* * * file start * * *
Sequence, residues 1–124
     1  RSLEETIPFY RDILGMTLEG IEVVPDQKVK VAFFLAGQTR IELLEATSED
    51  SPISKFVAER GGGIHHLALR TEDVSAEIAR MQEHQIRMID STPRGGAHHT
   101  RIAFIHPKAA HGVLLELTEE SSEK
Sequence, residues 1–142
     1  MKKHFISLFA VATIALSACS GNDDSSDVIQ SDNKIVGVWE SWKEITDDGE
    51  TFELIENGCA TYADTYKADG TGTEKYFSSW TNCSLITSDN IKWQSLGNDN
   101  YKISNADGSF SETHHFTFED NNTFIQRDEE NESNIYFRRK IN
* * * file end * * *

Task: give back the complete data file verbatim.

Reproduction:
Sequence, residues 1–124
     1  RSLEETIPFY RDILGMTLEG IEVVPDQKVK VAFFLAGQTR IELLEATSED
    51  SPISKFVAER GGGIHHLALR TEDVSAEIAR MQEHQIRMID STPRGGAHHT
   101  RIAFIHPKAA HGVLLELTEE SSEK
Sequence, residues 1–142
     1  MKKHFISLFA VATIALSACS GNDDSSDVIQ SDNKIVGVWE SWKEITDDGE
    51  TFELIENGCA TYADTYKADG TGTEKYFSSW TNCSLITSDN IKWQSLGNDN
   101  YKISNADGSF SETHHFTFED NNTFIQRDEE NESNIYFRRK IN